How to train a harmonious unit

by Brett Henebery07 Apr 2017
Teams can be made up of different personalities and temperaments, so how can organisations go about training them to be a harmonious unit?

Speaker, trainer and coach, Mark McPherson – who spoke at the Learning & Development Masterclass held in Sydney on 30 November – told L&D Professional how this can be done.

“The simple reality is everyone is different. We all come with our own upbringing, experiences, knowledge and what we think is the 'right way' and the 'wrong way' to act,” McPherson said.

“If you want people in a team to be a harmonious unit, then we need a variety of approaches simply because everyone is different.”

McPherson pointed out that L&D professionals can't simply leave it to what some people think is common sense because what is common sense to one person is most certainly not to another.

“We need a combination of formal policies and procedures; training and coaching on how to work together in harmony - and cooperatively and collaboratively [and sadly in some cases, just how to be nice]; and formal and informal agreements,” he said.

“And ultimately, a method and a process whereby people can bring new ideas – and even grievances – to the table to be add and discussed.”

McPherson said that in his view, before training or any of these things can take place, L&D professionals need to have some sort of documentation about what is and what is not expected from people.

“I call them standards of behaviour. Other people call them expectations, and yet, other people call them rules. But I don't think it matters,” he said.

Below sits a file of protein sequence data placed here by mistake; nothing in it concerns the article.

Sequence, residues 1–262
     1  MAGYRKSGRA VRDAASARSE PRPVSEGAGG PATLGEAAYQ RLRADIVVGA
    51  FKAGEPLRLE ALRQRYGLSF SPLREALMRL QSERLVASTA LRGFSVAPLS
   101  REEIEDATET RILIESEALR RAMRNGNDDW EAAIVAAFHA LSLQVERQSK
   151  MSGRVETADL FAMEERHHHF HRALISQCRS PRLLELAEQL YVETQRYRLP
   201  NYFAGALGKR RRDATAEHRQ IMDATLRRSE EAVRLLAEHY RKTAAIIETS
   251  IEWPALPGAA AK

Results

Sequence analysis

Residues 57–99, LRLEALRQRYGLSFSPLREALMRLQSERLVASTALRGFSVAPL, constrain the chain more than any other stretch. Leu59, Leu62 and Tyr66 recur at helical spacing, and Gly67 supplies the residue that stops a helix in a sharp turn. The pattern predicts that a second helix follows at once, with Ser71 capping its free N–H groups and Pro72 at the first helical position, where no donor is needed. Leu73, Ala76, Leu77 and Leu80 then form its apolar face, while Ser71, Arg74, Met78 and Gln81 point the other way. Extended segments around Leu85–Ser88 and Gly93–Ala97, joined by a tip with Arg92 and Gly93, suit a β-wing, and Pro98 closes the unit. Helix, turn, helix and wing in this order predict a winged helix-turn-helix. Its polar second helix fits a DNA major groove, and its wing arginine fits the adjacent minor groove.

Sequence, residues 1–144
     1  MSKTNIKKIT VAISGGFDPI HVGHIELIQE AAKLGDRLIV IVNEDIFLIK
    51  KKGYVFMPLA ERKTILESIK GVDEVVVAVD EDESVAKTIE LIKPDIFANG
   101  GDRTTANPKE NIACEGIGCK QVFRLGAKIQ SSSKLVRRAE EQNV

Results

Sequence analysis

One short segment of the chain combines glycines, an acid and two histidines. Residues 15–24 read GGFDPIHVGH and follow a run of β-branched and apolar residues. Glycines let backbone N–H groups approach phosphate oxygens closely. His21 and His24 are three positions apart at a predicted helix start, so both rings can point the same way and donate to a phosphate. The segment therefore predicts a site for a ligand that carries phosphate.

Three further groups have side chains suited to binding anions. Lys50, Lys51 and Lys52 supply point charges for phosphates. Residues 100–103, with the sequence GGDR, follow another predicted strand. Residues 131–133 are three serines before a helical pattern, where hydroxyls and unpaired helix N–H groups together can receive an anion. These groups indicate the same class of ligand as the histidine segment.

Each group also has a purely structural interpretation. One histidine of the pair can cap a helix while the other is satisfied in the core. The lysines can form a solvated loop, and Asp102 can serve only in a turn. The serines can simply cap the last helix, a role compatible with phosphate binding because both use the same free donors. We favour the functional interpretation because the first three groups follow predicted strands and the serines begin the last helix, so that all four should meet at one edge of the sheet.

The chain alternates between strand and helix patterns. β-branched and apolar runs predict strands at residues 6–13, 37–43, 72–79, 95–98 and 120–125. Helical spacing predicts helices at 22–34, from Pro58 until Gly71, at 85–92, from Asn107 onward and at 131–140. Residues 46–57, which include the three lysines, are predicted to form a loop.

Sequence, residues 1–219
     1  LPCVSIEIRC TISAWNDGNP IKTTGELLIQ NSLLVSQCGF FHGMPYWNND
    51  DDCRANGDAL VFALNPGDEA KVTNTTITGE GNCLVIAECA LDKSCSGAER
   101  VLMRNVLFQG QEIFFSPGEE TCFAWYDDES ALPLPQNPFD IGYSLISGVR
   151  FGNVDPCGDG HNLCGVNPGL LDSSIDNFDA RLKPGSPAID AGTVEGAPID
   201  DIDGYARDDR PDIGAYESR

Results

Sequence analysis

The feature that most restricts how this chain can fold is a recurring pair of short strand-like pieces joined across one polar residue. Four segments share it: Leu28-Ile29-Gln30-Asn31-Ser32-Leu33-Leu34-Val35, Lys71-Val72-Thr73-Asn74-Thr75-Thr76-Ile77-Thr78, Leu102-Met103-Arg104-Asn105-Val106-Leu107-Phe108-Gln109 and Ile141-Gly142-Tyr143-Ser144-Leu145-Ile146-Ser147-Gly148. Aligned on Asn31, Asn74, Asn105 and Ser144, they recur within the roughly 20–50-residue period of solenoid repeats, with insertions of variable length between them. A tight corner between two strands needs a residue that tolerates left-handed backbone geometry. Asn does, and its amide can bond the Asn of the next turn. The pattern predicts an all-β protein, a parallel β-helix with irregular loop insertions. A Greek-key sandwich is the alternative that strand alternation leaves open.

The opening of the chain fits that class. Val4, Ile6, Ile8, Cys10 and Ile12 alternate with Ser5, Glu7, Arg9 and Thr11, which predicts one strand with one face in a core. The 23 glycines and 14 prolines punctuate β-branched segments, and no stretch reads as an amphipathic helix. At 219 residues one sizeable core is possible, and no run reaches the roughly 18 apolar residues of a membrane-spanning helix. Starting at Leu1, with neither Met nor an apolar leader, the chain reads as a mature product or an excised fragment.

“L & D professionals have an opportunity here to show some real leadership and help individuals, teams and indeed whole organisations work out and agree what are the 'standards of behaviour' we need to abide by so we can be harmonious and ultimately as productive as we can be.”

McPherson said that this way, L&D professionals can get help, provide education, training and coaching on how learners can live up to those standards.

But suppose a team is already harmonious but not necessarily productive. What kind of motivational training can give learners that all-important boost?

McPherson said there is no doubt that there are many ways to motivate people to work harder, more efficiently and more productively. However, he pointed out that different people react to different methods to get them motivated.

“For some people, rewards work. For others, a sense of pride they get from producing high quality work and lots of it, while for others, it's a sense of purpose - they understand what they are doing, why they're doing it and how it fits into the big picture,” he said.

“For others, it's simply getting a pat on the back for coming to work each day and doing their best.”
McPherson suggested that before L&D Professionals resort to implementing some sort of 'motivational training' to get staff to be more productive, there's a few steps they need to implement first.

“It sounds so basic yet I am surprised time and time again, how often organisations don't get the best from staff because they haven't properly informed staff exactly what it is they expect from them,” he said.

“If, for example, you're on the frontline of an organisation dealing with the public: how many customers should you be serving in a shift and how long should you be spending on average with each customer?”

He added that one of the best pieces of motivation from his own experience is letting people know exactly what level of productivity is actually expected from them.

“It sounds so basic, but it's surprising that some people don't actually know they're not as productive as they could be, or as productive as other people, as they've never been told what the accepted levels of productivity are?” he said.

“If your job is to sweep the railway station from one end to the other and make it 'as clean as possible', has somebody actually told you how long it should take to do the job? And is it clear what 'as clean as possible' actually means?”
 

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